The world’s largest meat supplier, Brazilian JBS, Was forced to cease operations at its plants in the U.S. and other countries after a ransom attack by hackers suspected of residing in Russia. The White House and the Kremlin are in touch about an affair that could lead to significant price increases for consumers.
White House deputy spokeswoman Karin Jean-Pierre reported last night that JBS had updated the administration on Sunday that they had been hit by a hackers’ ransomware attack and that the demand came from a criminal organization suspected of operating from Russia. The Federal Bureau of Investigation opened an investigation and the administration offered assistance to the Brazilian company in dealing with the attack. “The White House is in direct contact with the Russian government on this matter and is sending a message to the countries responsible not to give refuge to infidel criminals,” Jean-Pierre said. Russian Deputy Foreign Minister Sergei Ryabkov confirmed this morning that the State Department and the Russian Embassy in Washington had discussed an attack on the meat supplier.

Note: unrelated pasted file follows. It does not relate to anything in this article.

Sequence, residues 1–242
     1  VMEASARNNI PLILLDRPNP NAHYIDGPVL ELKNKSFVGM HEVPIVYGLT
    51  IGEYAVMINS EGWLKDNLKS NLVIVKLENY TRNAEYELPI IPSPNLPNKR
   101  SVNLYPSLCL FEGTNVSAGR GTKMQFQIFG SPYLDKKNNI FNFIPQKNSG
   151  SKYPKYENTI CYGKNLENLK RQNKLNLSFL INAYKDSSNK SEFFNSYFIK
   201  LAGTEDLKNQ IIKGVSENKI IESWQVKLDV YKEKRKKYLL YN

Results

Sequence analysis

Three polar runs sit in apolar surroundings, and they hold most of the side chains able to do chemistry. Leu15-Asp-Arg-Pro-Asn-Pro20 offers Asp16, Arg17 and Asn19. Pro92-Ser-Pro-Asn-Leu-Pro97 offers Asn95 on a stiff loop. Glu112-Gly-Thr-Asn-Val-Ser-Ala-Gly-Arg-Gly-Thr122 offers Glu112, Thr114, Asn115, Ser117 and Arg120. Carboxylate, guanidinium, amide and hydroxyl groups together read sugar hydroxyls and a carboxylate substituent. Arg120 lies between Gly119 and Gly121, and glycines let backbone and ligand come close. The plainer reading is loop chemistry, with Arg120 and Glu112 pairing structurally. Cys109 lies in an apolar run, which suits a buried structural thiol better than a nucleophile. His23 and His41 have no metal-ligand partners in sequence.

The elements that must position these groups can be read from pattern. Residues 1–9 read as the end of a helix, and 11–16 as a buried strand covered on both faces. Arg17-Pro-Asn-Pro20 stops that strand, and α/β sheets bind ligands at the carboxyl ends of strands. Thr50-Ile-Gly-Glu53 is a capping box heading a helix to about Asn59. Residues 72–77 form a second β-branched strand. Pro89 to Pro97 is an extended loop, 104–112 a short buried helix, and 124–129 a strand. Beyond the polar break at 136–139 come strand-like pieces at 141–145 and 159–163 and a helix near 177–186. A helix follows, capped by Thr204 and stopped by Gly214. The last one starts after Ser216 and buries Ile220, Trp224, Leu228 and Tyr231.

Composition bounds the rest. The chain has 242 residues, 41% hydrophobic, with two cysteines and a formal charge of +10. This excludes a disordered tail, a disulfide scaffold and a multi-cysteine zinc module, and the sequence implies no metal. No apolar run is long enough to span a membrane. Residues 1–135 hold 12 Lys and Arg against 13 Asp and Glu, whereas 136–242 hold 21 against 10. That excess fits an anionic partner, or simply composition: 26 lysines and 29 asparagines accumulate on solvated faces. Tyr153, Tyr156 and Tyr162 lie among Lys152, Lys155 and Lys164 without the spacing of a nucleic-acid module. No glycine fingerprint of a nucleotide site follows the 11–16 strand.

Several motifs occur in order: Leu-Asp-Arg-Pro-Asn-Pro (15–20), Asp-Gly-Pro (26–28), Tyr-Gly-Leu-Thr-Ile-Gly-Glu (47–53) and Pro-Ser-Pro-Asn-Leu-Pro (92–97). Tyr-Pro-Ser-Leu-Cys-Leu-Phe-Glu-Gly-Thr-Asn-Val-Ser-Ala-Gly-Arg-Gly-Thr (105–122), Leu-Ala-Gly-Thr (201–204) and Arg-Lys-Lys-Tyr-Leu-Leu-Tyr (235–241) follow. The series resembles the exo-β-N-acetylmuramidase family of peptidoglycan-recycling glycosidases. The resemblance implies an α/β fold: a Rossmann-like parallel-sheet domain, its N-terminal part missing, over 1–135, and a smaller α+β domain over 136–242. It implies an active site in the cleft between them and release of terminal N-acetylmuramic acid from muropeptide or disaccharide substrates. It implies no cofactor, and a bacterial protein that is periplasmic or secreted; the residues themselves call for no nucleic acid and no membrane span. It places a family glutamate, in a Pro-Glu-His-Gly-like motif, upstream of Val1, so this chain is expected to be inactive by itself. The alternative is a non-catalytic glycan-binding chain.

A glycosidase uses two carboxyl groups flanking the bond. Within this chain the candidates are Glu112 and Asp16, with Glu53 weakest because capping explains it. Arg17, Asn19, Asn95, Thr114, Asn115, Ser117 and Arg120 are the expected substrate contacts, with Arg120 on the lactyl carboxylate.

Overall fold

JBS confirmed that it had been the target of “an organized cyber attack that affected some of the servers that support the computer system in North America and Australia,” but no intrusion into customer, employee or vendor information was identified. As a result, operations at the company’s cattle processing plants in the United States, Canada and Australia were stopped, as well as at many of the pork and poultry plants in the United States.
However, tonight it was reported that there has been “significant progress” in solving the problem and that most factories are also expected to return to activity during the day. “Our systems have reconnected to the network and we are not sparing efforts to combat this threat,” said Andre Noguera, CEO of JBS’s US arm.
The concern is that if the attack continues over time, there may be delays in the supply of meat and rising prices for consumers. The Australian website Beef Central, which covers news in the field of meat, estimated that the first victims of delays in supply are expected to be supermarket chains and fast food chains such as McDonald’s.
The attack on JBS comes about a month after hackers from the DarkSide group operating from Russia carried out a ransomware attack on Colonial Pipeline, which operates the pipeline that runs from Texas to New Jersey and provides 45 percent of fuel consumption to the East Coast. Pipeline operations were halted for about five days, causing fuel prices to rise and congestion at U.S. gas stations.